No one now faces criminal charges in that case, although authorities say the investigation is ongoing.
On a related note, the Iowa City Press-Citizen followed up on a report from Catalyst and the Better Government Association about how superintendents from across the country benefitted financially from Chicago’s dirty SUPES deal.
The newspaper spoke with school board members, who are now raising questions about whether their superintendent ought to be spending so much time on outside consulting work. “Does a superintendent of a district this size not have enough to do?” one school board member asked. “And do we not pay him a comparable salary to other superintendents? That would be my question.”
5. Teacher test … Medill Reports Chicago has an in-depth piece on the edTPA, the new licensure assessment required of prospective teachers in Illinois.
The edTPA, which became a requirement in September, is a portfolio of students’ work as classroom teachers that is graded by outside scorers hired by the testing giant Pearson. Last year Catalyst wrote about some of the controversy around the edTPA, and a n adjunct professor at Northeastern Illinois University penned guest column on the subject earlier this year.
The Medill story highlights how various education colleges have prepared for the new assessment, which is supposed to be an evidence-based test of teacher effectiveness. The story also raises concerns about the potential impact on teaching candidates of color, who score significantly lower than their white counterparts on other required tests.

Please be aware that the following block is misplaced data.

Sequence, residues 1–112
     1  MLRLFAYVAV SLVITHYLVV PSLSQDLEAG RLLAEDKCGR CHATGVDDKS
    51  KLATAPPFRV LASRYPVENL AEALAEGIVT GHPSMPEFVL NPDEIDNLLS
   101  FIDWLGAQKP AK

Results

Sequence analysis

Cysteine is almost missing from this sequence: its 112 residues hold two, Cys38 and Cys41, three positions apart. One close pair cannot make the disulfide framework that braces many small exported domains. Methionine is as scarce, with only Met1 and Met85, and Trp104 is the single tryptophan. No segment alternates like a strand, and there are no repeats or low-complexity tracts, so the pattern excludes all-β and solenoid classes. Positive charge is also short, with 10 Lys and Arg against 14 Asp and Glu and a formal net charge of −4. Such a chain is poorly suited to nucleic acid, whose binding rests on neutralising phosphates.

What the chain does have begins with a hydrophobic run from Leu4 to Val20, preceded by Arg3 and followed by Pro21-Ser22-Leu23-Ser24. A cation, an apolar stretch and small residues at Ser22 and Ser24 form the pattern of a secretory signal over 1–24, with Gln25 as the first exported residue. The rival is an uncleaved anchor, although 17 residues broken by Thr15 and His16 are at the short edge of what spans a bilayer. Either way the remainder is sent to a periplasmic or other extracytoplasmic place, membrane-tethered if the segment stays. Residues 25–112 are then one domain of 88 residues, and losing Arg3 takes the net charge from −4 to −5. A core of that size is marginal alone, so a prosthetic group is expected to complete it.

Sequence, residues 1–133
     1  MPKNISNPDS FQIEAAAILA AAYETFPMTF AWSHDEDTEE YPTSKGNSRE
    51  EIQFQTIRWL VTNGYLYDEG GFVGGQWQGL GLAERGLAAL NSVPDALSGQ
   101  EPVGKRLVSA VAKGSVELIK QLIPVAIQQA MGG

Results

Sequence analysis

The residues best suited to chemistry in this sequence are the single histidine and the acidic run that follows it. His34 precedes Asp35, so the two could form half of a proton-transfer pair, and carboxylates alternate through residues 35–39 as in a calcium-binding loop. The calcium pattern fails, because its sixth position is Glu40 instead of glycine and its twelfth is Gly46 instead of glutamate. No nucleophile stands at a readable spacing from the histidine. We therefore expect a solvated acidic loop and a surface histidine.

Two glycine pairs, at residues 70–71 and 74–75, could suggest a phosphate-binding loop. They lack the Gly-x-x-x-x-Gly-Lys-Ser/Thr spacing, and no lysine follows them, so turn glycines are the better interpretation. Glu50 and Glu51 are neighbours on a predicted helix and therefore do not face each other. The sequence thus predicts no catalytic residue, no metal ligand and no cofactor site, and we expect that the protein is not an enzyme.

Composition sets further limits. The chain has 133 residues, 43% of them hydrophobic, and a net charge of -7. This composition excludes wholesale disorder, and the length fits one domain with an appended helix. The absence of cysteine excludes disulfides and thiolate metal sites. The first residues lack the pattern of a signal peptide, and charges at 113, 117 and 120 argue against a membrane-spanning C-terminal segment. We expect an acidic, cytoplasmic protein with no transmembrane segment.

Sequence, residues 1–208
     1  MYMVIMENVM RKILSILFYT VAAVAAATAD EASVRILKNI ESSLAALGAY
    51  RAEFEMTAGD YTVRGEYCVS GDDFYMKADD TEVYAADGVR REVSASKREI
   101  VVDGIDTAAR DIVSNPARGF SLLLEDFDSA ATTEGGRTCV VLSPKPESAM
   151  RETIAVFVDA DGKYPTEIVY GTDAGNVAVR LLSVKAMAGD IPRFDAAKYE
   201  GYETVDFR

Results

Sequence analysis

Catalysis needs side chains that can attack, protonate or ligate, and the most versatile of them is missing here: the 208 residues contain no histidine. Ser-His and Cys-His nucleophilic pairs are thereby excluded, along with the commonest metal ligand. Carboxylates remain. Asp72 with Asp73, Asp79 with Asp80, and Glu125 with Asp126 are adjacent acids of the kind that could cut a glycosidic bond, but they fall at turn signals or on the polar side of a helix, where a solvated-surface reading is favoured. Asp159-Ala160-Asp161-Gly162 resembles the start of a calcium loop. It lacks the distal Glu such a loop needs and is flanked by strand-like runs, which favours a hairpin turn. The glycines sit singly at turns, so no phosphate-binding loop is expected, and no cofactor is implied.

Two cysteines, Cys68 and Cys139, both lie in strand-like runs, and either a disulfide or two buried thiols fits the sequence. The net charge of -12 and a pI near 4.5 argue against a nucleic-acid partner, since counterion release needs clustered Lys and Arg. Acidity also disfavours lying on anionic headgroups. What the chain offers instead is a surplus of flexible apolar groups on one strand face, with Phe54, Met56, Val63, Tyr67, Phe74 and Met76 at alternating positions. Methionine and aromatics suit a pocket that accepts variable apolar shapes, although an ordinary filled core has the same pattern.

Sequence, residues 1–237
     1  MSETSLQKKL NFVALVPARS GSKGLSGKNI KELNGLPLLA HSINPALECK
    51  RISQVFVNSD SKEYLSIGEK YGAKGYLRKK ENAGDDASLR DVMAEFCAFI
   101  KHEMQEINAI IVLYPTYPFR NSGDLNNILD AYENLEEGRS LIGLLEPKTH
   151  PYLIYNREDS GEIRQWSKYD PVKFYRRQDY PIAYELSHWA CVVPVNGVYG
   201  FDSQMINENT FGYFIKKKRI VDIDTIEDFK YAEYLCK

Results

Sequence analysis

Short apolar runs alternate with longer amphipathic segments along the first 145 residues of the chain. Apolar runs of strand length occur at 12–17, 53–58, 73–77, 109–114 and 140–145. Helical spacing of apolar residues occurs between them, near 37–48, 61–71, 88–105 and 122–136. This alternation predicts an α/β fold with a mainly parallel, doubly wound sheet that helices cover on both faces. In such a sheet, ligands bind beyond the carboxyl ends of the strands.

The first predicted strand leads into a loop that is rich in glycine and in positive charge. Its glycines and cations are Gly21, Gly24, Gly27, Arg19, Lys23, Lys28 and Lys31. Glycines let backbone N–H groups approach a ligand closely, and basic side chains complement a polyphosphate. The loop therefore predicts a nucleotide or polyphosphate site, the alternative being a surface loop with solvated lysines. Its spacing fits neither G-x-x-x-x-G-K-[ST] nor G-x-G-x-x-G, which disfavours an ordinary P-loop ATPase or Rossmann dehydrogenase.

And it addresses the privacy rights of children who appear in classroom videos taken for the portfolio. “Even though student teachers sign forms pledging that they will not post videos to social media, the videos are on social media with hundreds of views,” says UIC education professor Julie Peters. The story says that a simple YouTube search reveals that it is possible to find such videos online.
Also , educator blogger Fred Klonsky criticized a recent national report that found about three-quarters of candidates passed the test. Most of the report’s authors come from the group that created the assessment, he told Medill. “No one should take seriously a study someone does of themselves. It violates the most basic rules of academic research.”
A few last notes … Five more colleges have agreed to support Chicago’s STAR scholars, Mayor Emanuel’s program to entice high-achieving CPS graduates into City Colleges of Chicago by offering free tuition.
The Sun-Times reports that the University of Chicago, the School of the Art Institute, North Park University, Northeastern Illinois University and Columbia College will offer special scholarships to STAR scholars who transfer into their programs after completing associate’s degrees at City Colleges. Six other colleges joined the effort last month. Catalyst wrote about the pros and cons of the merit-based STAR scholarship in our Winter Issue.
The U.S. Department of Education says a Palatine school district discriminated against a transgender student by barring her from the girls’ locker room and ordered the district to resolve the dispute or risk losing federal dollars. The New York Times writes that the suburban Chicago confrontation echoes “battles nationwide, where the locker room and often the restroom are the stage for a fierce fight over how extensively transgender students should be accommodated.”